For decades the dominant images of Africa on film were Hollywood productions. Think Hepburn and Bogart paddling down the Congo river in “The African Queen,” or, more recently, Leonardo DiCaprio going out, guns blazing, in “Blood Diamond.”
In recent years, though, there have been signs that a shift is under way. A wave of Western investment in African cinema has focused on sustainability and long-term growth. Rather than using Africa as a picturesque backdrop for big-budget studio productions, filmmakers from outside the continent and various fests are looking to cultivate a new generation of African talent.
“We’re trying to set a stage where African filmmakers are reaching out to each other … (and) also are in dialogue with folks here in the States,” says Focus Features topper James Schamus, who, three years ago, helped lay the groundwork for the company’s Africa First program with Completion Films prexy Kisha Cameron-Dingle.
The emphasis is on discovering fresh talent, increasing the visibility of emerging filmmakers, opening up networks for distribution and building bridges with African helmers, who often harbor “a deep suspicion about dealing with American studios,” according to Schamus, because of differences in contracts, rights and other legal issues.
These efforts are just starting to bear fruit, and those involved in the process view it as a long-term investment. “We believe this will be a growing market for not only new generations of great filmmakers, but also new generations of film consumers,” says Schamus.
Focus’ Africa First program, which awards $10,000 to five African filmmakers each year, allowing them to finance post or production of their narrative shorts, has been the only major studio initiative of its kind. But a growing number of shingles are using other means to develop the local industry.
German helmer Tom Tykwer (“Run Lola Run”) set up One Fine Day Films in Nairobi, Kenya, as a training ground for aspiring young filmmakers. Indian director Mira Nair (“Monsoon Wedding”) recently established the Maisha Film Lab in Kampala, which is turning the Ugandan capital into a hot spot for East African filmmakers.
American helmer Lee Isaac Chung was so impressed by the local talent during filming of his 2007 pic “Munyurangabo” that he founded a Rwandan outpost for his shingle, Almond Tree Films.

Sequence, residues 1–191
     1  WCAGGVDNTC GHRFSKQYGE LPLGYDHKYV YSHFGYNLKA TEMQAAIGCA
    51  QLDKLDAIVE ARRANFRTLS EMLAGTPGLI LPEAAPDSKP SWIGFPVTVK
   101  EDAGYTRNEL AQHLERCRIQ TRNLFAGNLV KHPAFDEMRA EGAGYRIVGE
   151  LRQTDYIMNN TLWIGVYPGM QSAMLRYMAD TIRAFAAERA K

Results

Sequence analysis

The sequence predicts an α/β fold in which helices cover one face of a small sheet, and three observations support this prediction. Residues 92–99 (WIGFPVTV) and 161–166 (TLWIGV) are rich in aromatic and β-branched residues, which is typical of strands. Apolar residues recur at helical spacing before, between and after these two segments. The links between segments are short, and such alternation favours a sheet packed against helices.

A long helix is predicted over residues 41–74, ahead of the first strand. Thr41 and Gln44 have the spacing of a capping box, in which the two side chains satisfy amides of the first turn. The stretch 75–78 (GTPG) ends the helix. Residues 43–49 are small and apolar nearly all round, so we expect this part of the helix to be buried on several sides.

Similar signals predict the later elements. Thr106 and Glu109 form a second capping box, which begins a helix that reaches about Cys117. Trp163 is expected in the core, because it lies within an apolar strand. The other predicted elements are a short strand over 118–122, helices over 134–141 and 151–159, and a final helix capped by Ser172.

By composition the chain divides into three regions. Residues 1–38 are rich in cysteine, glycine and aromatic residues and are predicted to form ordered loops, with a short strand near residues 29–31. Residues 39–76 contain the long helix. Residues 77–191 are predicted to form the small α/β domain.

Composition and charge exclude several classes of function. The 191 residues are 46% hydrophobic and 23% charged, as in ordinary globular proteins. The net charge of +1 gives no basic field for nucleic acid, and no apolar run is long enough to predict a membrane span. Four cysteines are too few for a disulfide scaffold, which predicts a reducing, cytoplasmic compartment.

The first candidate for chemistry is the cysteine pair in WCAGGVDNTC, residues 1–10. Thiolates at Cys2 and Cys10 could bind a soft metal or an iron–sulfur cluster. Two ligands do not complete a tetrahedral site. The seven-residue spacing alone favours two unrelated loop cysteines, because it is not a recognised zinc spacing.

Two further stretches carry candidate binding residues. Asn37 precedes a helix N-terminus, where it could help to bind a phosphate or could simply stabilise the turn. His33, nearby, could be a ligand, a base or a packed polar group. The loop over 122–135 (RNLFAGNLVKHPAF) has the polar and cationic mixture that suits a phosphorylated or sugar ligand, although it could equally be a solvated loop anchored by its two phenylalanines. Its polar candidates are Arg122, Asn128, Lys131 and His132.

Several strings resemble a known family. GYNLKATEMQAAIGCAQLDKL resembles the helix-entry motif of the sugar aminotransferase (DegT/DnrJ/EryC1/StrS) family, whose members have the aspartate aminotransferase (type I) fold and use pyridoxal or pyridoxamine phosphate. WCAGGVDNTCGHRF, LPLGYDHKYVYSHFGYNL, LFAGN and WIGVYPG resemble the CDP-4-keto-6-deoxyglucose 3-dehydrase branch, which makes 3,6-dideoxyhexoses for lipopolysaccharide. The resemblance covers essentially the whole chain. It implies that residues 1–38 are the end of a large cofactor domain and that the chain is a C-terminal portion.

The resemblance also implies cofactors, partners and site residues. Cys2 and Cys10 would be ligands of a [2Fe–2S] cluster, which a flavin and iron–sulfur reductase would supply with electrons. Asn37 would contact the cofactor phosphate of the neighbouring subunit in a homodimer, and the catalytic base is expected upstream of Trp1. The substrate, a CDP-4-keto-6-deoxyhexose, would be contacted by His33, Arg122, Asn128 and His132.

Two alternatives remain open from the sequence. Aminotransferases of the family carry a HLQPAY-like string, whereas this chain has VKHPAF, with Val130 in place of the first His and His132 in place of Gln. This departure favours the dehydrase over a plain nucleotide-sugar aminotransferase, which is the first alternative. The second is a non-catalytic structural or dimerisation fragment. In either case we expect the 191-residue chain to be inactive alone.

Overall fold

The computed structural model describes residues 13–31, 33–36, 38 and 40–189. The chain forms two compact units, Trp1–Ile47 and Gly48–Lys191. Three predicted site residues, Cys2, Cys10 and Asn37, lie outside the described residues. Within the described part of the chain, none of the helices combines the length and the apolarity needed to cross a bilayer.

“My strategy was to make a lasting impact on the Rwandan cinema community by focusing all of my attention on a group of 15 filmmakers,” he says, adding that he’s now less focused on developing their talents than “connecting them to Western organizations who provide grants or opportunities to showcase their films.”
There’s been a shift on the festival circuit as well, helped by the emergence of small, dynamic African film festivals in the West, and a new generation of festival programmers looking to spotlight fresh African talent.
“The big festivals tend to be (engaging) in a way that gives some profile for African cinema, but they’re still always looking for ways to have more and more meaningful involvement with cinema on the continent,” says June Givanni, former programmer of the Toronto Film Festival’s Planet Africa series.
Rotterdam’s “Forget Africa” program last year signaled that festival’s intent to put a greater emphasis on African filmmakers, says festival director Gertjan Zuilhof. Building on the program’s success, Rotterdam this year sent seven African helmers to China to collaborate with their Asian counterparts.
Zuilhof saw it as a way to expose young African helmers to successful production techniques they might apply back home.
“Young Asian filmmakers make their films quite efficiently on low budgets, and use digital technologies,” he says. “I thought it would be helpful for African filmmakers to get to know this way of working.”
Berlin’s Durban Talent Campus, which will hold its fourth edition this year, has also become an important training ground for young helmers.
Berlin festival director Dieter Kosslick says one of the campus’ goals was “to strengthen and support regional structures (by) bringing the established film industry together with the upcoming one.”
Still, the loose structures that exist in Africa remain an obstacle for American studios and distribs, who are often unfamiliar with the continent’s varying business models and legal frameworks.
“Everybody approaches African cinema as if they’re talking about a country,” says Givanni, the former Toronto programmer. “There are national and regional variations; you can’t approach it like you’re talking about French cinema.”
The next step is to challenge the mainstream perception of Africa “as not really a dynamic place” for filmmaking in a way that translates into greater distribution, says Joslyn Barnes, who along with Danny Glover co-founded Louverture Films to help promote and cultivate filmmaking in the developing world.
“I think what we can do that would really be of benefit to people on the continent is to create the distribution avenues, to create some windows for the films to be seen,” she says.